“God Bless This Mess” by Sheryl Crow
The title of this song (“God Bless This Mess”) is actually a popular saying. And what it alludes to, in concept, is the person relaying it recognizing that a certain situation they are stuck in is less than ideal. But they are still asking for God to “bless” it nonetheless.
What’s the “Mess”?
Well the “mess” we are actually dealing with in this song, most comprehensively speaking, is the history-changing event known as 9/11. As you may well know, this was when the World Trade Center – the international symbol of the global economy as its name implied – was completely and utterly destroyed by terrorists.
These two buildings stood at nearly 100 stories each and were situated in New York City’s densely commercially-populated Financial District. So when they fell, the result was massive devastation on the spot.
But what Sheryl Crow is really speaking to is rather the aftermath of the actual bombing. Or put differently, the titular “mess” isn’t 9/11 but instead what happened afterwards. And she does so via three verses which each feature their own respective angles.
The first is centered on her brother. Now before we get into these narratives, let it be known that they are metaphorical though not painfully so. So you have to read in-between the lines and connect the dots in order to understand what’s being said in its completeness.
And in the first verse, it would appear that the narrator’s brother is a war vet. He is negatively affected, particularly from a mental perspective. And this is as a result of ‘having seen some ugly things’ on the battlefield. For instance, at times he just “stares off into space”, as if he isn’t even there.
And as far as what he may have actually witnessed abroad which has made him this way, that’s something that he can’t even bring himself to speak about. And whereas it is never stated forthrightly, once again reading between the lines would imply that where he fought was in the Middle East. He either fought in the Iraq War or the War in Afghanistan, both of which we will get into shortly.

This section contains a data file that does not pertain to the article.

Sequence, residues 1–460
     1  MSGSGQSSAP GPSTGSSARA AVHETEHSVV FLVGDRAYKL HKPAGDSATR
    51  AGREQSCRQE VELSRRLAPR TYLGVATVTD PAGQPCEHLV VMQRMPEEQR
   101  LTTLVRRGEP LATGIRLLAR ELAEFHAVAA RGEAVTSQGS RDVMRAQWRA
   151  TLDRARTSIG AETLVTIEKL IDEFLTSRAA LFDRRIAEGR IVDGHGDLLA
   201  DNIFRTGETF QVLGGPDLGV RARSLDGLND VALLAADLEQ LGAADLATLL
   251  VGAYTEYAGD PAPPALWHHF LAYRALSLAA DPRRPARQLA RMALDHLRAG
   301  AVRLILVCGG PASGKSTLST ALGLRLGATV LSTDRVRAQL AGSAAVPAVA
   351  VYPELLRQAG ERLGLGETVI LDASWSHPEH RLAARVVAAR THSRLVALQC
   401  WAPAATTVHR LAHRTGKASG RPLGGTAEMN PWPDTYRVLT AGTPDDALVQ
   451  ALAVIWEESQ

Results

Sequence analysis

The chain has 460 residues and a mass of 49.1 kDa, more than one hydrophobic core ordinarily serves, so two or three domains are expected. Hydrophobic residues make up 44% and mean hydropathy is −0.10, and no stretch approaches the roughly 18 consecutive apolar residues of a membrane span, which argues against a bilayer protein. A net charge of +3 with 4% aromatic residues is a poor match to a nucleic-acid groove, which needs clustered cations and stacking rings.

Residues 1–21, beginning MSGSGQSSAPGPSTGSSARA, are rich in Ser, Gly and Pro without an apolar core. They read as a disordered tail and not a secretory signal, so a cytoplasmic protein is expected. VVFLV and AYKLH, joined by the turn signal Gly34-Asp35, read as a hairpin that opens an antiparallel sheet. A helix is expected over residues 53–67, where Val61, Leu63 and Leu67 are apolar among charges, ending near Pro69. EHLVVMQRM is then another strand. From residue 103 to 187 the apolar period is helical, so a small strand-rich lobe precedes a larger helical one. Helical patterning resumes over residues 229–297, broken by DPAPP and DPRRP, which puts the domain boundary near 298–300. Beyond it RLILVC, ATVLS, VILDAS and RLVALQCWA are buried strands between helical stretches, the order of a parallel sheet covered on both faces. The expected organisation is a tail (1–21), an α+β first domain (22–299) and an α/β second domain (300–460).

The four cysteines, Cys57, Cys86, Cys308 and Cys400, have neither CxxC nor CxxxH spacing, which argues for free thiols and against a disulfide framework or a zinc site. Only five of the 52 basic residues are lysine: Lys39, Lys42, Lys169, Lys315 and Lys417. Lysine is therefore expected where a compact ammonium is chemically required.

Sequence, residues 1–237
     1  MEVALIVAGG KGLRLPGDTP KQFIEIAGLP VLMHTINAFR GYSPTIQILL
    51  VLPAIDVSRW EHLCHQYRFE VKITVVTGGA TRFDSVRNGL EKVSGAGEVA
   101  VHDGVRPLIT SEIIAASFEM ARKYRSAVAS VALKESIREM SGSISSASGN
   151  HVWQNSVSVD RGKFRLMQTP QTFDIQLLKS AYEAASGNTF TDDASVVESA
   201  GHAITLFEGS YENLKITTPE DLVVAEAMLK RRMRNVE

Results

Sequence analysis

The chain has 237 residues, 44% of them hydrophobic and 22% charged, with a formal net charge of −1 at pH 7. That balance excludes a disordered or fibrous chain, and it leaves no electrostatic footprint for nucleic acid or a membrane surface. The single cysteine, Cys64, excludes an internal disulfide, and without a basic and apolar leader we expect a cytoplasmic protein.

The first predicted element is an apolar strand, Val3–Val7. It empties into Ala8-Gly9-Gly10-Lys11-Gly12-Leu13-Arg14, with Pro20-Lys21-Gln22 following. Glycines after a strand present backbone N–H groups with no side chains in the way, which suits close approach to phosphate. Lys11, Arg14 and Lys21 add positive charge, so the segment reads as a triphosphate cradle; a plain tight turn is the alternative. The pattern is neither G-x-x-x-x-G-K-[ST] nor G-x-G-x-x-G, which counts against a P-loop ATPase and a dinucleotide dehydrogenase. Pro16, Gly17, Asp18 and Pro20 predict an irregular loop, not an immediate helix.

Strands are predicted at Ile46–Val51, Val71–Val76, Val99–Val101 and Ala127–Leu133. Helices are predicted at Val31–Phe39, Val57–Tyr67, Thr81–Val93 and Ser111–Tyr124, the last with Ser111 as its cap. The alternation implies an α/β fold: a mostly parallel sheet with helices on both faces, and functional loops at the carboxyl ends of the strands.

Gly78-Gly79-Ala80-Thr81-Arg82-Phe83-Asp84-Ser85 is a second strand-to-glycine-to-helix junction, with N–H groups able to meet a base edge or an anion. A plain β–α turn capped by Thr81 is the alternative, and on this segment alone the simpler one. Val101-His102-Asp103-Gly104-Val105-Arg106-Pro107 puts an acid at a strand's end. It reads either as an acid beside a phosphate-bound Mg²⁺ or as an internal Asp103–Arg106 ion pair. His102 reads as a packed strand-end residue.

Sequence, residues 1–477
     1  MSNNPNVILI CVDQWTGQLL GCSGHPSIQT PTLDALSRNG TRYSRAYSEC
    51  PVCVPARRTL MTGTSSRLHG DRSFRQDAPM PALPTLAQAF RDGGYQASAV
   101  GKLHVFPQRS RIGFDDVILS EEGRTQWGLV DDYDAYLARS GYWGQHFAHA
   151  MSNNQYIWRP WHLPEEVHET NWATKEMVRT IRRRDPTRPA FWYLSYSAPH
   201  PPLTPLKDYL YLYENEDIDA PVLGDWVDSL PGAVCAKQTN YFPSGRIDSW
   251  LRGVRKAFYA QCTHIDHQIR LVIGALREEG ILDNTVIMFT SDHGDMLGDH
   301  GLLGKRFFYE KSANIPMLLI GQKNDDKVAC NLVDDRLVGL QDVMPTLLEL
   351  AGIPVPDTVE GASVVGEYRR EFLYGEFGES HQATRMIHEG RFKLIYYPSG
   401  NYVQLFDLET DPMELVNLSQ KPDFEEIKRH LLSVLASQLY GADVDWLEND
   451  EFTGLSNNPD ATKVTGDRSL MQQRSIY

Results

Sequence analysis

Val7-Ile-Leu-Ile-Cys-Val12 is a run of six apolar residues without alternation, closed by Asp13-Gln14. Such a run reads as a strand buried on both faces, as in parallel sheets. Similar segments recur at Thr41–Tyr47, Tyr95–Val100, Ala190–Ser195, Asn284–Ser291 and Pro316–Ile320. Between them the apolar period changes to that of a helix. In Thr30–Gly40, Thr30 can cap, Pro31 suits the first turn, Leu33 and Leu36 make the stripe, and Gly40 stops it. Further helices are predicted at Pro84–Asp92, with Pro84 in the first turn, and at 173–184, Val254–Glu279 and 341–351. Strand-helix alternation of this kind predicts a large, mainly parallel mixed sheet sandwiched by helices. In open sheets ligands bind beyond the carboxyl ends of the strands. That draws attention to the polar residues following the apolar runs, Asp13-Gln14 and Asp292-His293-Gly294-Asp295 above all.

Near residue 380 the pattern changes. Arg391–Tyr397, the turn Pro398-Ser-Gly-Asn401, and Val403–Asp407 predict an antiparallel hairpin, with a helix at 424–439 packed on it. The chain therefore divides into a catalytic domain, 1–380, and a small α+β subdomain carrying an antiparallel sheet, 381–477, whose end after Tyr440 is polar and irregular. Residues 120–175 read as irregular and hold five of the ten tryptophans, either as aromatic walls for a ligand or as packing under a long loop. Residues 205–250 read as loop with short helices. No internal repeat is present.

The vocalist’s focus then shifts in the second verse. This time around the issue would rather be something like lack of adequate job prospects. She finds herself seemingly working for a call center. First of all, said endeavors usually pay on a commission basis, yet she is not getting any customers.
Moreover it would appear that this business, or at least some of her coworkers are quite shady. And conclusively concerning this passage, we can postulate that she is also somehow relating this reality to 9/11. That is to say that after that event transpired, “something has gone missing”, as in things not being the same as they were before.
And people who were living and working in the United States around that time can attest to the fact that many companies and industries were negatively affected as a result. But even beyond that, it is an associated feeling in the air – for lack of a better explanation – which has Crow concerned.
The third verse is the only part of the song where 9/11 is referred to in a current sense. Here, the singer generally details some of the facts associated with the bombing as she has personally heard herself. This all culminated in the US President, who was George W. Bush at that time, being visibly and publicly shaken, vowing to do the very best for his people. And somehow, that ambition also eventually led to him launching the aforementioned initiatives in Iraq and Afghanistan.
But of course not all of the American people, despite how sentimental they may have been when the WTC was obliterated, actually believed that 9/11 rationalized the raiding of foreign countries. In fact even though the official story is that a group of Middle Eastern terrorists orchestrated the attack, truth be told many Americans don’t believe that either.
So when you mix beliefs such as the blame for 9/11 being put on the wrong individuals with the wars in Iraq and Afghanistan being unjustified, what you get are people like Sheryl Crow. Or simply put, under her estimation Dubya was full of s**t in terms of the reasons he publicly stated he was going to war.
Indeed going back to the nature of the second verse for a moment, it’s interesting to note that in terms of post-9/11 America that part of the economy that actually experienced the biggest change was the military. Or more specifically, there was a massive boost in spending (or more specifically borrowing) in that name of financing those wars.